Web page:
The Penn Relays have been a rite of spring since 1894. Each year the Relays draw over 20,000 athletes from high school, college, and the Olympic level, and over 100,000 total fans for the three-day event. For the Red, who toil in near obscurity thanks to an ambitious travel schedule, it is a chance for the team to receive national recognition.
“The Lynah Faithful are about 4,000 strong. If the basketball team goes up to Syracuse and they sell out the dome that’s about 25,000 people, at Penn Relays on Saturday there are between 45,000 and 50,000 people,” women’s head coach Lou Duesing said. “The chance to do your thing in front of a crowd that size is pretty remarkable. Pretty much every year Bill Cosby is there and he’s out on the track and talking with people. Its described as the Penn Relay Carnival and it is. The smells of different food and people coming around woo corner — the turning point of many relays where the fans notice changes by going ‘woo’. Teams have their certain areas — Villanova always sits in a certain spot. There is a lot of tradition. You’re against many of the nations best and it’s a real event.”
The Penn Relays begin today and run through Saturday, and are held in Philadelphia at Franklin Field. Although the Relays include a wide range of athletes, the Red will at first be matched against other Ivy League foes such as Brown, Harvard, Yale, and Columbia in the Heptagonal / Ivy League division. If the Red is successful in an event, it can qualify and move on to compete against the best from the Eastern College Athletic Conference division. Last year the women’s 4×400 relay team, after winning the Heps division, won the ECAC title and were rewarded with plaques.
The women come into the meet on a high note, as the Red had nine ECAC Championship, two NCAA Regional qualifiers, and a slew of personal bests last weekend at the Leopard Invitational. Sophomore Emily McCabe won the 3000-meter run in a personal best 9:54.20 and qualified for the ECACs. In the steeplechase, junior Alyssa Simon once again qualified for the NCAA regional completing the course in 10:56.50. Juniors Kate Boyles and Alison Koplar finished first and second, respectively, in the 1500-meter, setting personal records and qualifying for the ECACs. Boyles completed the race in 4:32.50, while Koplar finished in 4:32.80. In the 4×100 relay, junior Kari Steed, freshman Cameron Washington, senior Hannah Garrity, and junior Shonda Brown ran a seasonal best and ECAC qualifier time of 46.85.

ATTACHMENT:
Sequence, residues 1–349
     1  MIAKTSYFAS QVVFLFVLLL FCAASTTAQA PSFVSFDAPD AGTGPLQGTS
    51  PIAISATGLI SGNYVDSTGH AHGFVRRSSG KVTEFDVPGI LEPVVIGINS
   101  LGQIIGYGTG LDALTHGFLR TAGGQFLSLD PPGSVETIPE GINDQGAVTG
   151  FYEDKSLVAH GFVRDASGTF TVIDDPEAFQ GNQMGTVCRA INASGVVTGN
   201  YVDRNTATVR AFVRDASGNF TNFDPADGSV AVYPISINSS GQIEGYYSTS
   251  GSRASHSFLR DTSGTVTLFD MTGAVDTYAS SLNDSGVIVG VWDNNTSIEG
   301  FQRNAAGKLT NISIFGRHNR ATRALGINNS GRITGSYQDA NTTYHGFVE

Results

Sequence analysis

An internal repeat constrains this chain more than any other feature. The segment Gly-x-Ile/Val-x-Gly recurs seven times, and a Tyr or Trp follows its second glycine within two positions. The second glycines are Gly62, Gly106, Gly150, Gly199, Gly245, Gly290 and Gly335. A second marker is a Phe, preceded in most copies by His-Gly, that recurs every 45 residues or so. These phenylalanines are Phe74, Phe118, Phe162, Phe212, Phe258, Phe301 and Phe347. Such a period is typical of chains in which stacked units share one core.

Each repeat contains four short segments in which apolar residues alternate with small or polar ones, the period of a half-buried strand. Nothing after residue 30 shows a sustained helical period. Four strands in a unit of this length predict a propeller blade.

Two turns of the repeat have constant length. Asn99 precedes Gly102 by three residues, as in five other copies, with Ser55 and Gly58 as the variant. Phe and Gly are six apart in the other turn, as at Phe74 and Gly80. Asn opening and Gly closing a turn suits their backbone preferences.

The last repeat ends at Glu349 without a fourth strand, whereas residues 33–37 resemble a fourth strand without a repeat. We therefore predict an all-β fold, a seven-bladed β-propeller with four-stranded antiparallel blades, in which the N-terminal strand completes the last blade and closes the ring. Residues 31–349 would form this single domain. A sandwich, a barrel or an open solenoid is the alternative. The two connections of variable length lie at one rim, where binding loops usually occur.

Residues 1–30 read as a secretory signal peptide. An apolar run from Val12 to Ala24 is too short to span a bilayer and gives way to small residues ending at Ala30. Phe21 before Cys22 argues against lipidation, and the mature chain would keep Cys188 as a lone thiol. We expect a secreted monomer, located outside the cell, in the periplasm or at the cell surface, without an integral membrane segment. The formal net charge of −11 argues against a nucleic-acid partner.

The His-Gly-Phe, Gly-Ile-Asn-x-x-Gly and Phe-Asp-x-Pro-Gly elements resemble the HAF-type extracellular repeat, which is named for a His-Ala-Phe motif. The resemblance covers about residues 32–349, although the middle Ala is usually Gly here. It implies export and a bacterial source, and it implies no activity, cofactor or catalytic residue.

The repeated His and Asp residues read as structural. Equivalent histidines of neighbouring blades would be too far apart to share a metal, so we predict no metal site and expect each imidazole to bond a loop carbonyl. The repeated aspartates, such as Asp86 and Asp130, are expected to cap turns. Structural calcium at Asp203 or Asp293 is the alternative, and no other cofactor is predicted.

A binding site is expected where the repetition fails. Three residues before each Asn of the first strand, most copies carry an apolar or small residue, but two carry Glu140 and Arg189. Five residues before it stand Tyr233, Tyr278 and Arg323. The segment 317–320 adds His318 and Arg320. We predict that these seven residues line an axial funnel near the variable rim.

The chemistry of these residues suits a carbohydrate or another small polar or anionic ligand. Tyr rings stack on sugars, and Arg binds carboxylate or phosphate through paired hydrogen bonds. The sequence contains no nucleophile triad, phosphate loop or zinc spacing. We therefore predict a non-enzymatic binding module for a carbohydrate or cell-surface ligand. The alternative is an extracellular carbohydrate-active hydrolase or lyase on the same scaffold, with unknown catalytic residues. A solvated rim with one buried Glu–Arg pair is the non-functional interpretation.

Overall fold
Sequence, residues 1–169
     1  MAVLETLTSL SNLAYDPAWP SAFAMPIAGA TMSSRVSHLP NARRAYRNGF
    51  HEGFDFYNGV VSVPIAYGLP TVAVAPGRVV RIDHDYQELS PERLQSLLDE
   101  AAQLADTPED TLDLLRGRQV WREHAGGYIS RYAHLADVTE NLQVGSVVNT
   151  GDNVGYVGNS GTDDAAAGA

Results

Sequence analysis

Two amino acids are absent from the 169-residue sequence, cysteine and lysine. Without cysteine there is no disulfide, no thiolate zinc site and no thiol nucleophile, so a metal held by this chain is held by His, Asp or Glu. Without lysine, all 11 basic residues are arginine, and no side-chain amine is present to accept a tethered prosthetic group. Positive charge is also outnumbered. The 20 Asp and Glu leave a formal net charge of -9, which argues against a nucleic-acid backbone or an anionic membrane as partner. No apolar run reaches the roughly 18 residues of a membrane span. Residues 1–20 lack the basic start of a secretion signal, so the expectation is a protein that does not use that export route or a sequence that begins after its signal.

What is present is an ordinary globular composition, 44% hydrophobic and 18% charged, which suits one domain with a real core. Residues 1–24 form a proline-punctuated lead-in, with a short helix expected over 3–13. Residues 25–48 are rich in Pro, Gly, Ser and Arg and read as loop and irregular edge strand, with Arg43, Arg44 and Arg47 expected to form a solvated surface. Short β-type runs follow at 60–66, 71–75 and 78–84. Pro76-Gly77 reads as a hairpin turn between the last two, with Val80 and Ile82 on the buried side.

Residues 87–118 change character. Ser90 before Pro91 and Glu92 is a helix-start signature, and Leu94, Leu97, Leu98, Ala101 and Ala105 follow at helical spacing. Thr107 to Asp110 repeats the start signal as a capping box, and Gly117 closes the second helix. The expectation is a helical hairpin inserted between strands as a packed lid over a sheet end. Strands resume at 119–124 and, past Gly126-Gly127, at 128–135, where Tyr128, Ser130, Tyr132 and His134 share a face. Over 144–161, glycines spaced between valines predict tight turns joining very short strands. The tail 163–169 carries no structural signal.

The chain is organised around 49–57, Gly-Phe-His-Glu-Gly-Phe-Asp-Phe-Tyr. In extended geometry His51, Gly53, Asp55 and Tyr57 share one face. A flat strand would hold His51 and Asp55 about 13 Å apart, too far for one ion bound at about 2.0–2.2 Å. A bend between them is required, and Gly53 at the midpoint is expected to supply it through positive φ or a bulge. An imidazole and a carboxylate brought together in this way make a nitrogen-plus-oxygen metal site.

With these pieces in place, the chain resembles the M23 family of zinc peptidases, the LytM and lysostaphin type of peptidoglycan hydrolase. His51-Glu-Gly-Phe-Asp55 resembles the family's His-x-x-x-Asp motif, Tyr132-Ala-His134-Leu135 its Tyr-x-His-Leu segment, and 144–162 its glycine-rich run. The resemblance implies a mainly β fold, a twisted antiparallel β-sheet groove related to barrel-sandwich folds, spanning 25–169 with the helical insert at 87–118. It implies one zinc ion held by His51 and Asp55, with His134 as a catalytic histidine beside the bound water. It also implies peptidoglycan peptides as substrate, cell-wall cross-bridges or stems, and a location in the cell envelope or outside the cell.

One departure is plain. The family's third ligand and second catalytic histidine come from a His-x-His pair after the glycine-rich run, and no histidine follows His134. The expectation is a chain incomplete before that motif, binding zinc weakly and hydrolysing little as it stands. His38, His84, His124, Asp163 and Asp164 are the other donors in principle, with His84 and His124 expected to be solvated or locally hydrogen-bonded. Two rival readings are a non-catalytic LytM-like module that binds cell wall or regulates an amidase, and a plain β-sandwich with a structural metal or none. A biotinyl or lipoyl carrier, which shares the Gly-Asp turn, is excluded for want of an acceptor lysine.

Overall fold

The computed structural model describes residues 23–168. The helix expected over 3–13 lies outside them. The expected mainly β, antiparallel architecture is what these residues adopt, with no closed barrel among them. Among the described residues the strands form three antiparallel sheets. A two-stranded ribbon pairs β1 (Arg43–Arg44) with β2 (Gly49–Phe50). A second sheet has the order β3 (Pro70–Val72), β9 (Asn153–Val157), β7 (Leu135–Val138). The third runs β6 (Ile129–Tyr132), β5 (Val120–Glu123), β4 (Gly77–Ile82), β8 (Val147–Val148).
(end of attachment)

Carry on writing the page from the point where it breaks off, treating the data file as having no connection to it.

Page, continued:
The Penn Relays will allow the Red to continue the progress it has been making all season.
“For the most part people have been improving all season long and you would like to see that continue,” Duesing said. “In a lot of field events, that’s a really hard environment to do well. Typically it has not been a great place for us. It’s just so many people, so you don’t get proper warm-ups. That’s compounded in the track events. You’re standing in the paddock when ordinarily you would be able to continue your warm-up. There are lots of things that are different. What I want to see is that people continue to be competitive.”
The women are also sending several middle distance runners to the Drake Invitational in Des Moines, Iowa.
At Lafayette last weekend, the men had four Intercollegiate Association of Amateur Athletes of America qualifiers. Senior Rahim Wooley qualified for the IC4As in the 200-meter dash winning the event in a time of 21.31. Later in the 100-meter dash, Wooley set a seasonal best of 10.71. Classmate Mike Nanaszko ran a personal record of 48.32 in the 400-meter dash. The 4×400 team of sophomore Greg Simonds, sophomore Gordon Hall, senior co-captain Aldo Gonzalez, and freshman Kolby Hoover ran an IC4A qualifying time of 3:16.13. In the field, freshman David Pell and sophomore Pat McDonough finished tied for first in the high jump at 6-8 7/8, surpassing the IC4A standard. Although not an important meet in the context of the season, the Relays provide an opportunity to scout the competition and prepare for Heps.
“It’s a chance to do well next to some of the best guys in the country,” said senior co-captain Jason Hart. “I think a lot of the guys are going to be watching what the other people in the Heps are doing. In addition to trying to do well against the entire NCAA field, you’re also going to see how guys are stacking up against other Heps opponents.”
Many of the members of the track team are looking forward to the aura at the Relays.
“It is an exciting meet to be at,” Hart said. “Definitely one of my biggest memories from being a member of the track team. The atmosphere is unmatched; on the last day there are a lot of the greatest track athletes from around the country and 40,000 people at Franklin Field. If you love track it doesn’t get much better, but it doesn’t match the Heps in terms of competing for a season long goal.”
Archived article by James Rich
Sun Staff Writer